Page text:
Government announces new measures to promote safety on K’gari

Image Cooloola Coastcare

Image Cooloola Coastcare

The Government has announced a range of new measures as part of its commitment to the continued safety of visitors to K’gari (Fraser Island).

In the region today meeting with Butchulla first nations people, Minister for Environment Leeanne Enoch said the Government would be working in partnership with the Butchulla people to ramp up safety, education and compliance measures.

The Minister today announced:

  • higher penalties for people who intentionally feed dingoes,
  • new fenced camping sites (including in popular beach front areas), and
  • a new Butchulla community education ranger position to help educate visitors.

Currently the fine for intentionally feeding or disturbing dingoes ranges from a minimum $391 to $5222 per offence.

It is proposed to increase fines to be a minimum $2088 and doubling the maximum fine to $10,444 per offence.

“People need to be aware that feeding dingoes can have significant and serious consequences.

“Rangers and Traditional custodians do a great job in informing visitors to be dingo-safe,” the Minister said.

“Increasing fines for those who deliberately disturb dingoes or feed them sends a very clear message about how dangerous the practice is.”

Minister Enoch said work had already commenced to scope out potential sites for new fenced areas that could be constructed on K’gari to provide more enclosed campsites and improved safety for visitors.

“We are evaluating options for a greater number of camping areas in popular locations that are not accessible for dingoes,” she said.

Over the school holiday period, rangers and traditional custodians visited more than 215 campsites to reinforce safety messaging.

“Six fines were issued to people over the Easter weekend, under the existing fine structure, for not properly securing food,” the Minister said.

“The new measures announced today come on top of the review of the Fraser Island Dingo Conservation and Risk Management Strategy Implementation Plan.

“That plan outlines the on-ground actions to reduce negative interactions between dingoes and people and promote communication, education and the conservation of the K’gari dingoes.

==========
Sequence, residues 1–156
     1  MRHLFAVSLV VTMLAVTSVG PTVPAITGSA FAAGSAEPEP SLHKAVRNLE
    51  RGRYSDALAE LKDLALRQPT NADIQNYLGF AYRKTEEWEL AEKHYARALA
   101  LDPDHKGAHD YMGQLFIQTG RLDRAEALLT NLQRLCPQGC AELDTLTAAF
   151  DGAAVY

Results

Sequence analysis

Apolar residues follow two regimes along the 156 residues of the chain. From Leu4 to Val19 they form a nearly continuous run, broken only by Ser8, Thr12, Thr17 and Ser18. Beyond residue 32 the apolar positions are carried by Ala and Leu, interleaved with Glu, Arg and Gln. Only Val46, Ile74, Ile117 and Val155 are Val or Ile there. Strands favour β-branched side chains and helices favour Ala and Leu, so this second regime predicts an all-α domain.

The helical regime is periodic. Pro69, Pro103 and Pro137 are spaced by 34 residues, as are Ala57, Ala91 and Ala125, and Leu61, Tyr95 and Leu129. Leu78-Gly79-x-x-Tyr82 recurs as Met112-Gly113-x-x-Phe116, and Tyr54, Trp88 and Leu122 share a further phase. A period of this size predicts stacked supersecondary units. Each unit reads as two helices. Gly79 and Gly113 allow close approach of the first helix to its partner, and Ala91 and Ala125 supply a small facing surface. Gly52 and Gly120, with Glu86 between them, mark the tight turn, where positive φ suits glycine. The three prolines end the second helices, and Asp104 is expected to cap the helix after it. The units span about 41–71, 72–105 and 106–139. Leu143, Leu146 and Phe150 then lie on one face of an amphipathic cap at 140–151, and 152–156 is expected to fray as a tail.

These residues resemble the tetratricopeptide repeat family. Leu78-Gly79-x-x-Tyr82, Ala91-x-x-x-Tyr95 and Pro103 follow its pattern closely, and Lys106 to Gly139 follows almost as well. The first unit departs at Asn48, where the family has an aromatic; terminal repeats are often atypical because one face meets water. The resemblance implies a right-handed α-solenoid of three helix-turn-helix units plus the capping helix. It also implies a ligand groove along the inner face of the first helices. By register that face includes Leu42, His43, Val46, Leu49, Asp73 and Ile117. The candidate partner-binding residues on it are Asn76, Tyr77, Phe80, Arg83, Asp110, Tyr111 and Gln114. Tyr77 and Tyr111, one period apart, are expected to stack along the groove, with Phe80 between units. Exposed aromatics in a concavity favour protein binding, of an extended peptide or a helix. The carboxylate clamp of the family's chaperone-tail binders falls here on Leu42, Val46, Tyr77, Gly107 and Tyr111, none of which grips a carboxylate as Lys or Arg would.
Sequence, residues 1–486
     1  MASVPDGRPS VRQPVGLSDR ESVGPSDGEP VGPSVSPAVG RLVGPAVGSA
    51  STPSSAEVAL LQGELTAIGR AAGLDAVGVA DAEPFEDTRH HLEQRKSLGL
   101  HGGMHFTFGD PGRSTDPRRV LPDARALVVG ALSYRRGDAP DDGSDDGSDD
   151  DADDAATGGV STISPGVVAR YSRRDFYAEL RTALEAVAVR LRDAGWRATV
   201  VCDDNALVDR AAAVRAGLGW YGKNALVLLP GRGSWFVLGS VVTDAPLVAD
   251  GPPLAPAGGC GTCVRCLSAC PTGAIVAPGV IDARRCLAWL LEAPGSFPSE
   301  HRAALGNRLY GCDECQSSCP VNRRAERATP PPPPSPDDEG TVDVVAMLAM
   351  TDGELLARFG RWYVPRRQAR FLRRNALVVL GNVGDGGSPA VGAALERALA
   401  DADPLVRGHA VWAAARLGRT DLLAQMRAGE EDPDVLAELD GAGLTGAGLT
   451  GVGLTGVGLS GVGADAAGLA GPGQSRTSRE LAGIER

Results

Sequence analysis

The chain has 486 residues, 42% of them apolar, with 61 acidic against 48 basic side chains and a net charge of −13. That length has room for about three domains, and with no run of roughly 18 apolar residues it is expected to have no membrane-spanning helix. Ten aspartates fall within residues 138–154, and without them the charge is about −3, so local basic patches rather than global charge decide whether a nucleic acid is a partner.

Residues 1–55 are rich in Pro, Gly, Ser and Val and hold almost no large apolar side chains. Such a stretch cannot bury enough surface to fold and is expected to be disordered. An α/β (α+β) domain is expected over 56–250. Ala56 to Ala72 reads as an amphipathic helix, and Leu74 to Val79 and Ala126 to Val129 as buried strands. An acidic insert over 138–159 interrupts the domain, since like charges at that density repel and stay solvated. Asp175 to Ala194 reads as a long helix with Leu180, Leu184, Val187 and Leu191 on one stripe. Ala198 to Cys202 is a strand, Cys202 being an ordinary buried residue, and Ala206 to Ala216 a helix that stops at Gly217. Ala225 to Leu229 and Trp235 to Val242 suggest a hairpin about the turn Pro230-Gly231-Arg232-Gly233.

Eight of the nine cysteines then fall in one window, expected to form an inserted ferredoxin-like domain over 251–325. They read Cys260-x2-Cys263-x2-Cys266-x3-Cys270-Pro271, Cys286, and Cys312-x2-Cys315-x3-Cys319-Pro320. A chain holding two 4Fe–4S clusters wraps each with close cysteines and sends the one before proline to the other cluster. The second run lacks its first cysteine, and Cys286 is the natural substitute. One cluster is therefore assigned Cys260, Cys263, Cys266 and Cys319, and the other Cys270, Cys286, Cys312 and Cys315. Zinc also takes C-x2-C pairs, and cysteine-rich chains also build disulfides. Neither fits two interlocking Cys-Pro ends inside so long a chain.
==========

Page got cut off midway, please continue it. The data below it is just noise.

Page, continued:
“The review will look at how we can improve our messaging further with the assistance of our Butchulla partners.

“We want to ensure visitors and dingoes can co-exist on K’gari.

“The management of dingoes on K’gari is complex, and the Government and the Butchulla Aboriginal Corporation are committed to supporting a sustainable and healthy dingo population, while minimising the risks to human safety and dingo welfare.”

A spokesperson for the Butchulla Aboriginal Corporation (BAC) said BAC Directors welcome the Governments support for a closer working arrangement with the Butchulla people on K’gari, the traditional home of the Wongari(dingoes).

“Our knowledge and experience will greatly assist the government with on-ground management of issues, such as visitor education, visitor safety and the conservation of the Wongari.

“A proposed community education ranger within the BAC will enable the traditional owners to better influence the management of K’gari and the review of the Dingo Strategy Implementation Plan.”

People are encouraged to report any negative dingo encounters to a QPWS ranger or to phone 07 4127 9150 or email as soon as possible.

Visitors to Fraser Island are reminded to be dingo safe at all times:

  • Always stay close (within arm’s reach) of children and young teenagers
  • Always walk in groups
  • Camp in fenced areas where possible
  • Do not run. Running or jogging can trigger a negative dingo interaction
  • Never feed dingoes
  • Lock up food stores and iceboxes (even on a boat)
  • Never store food or food containers in tents, and
  • Secure all rubbish, fish and bait.

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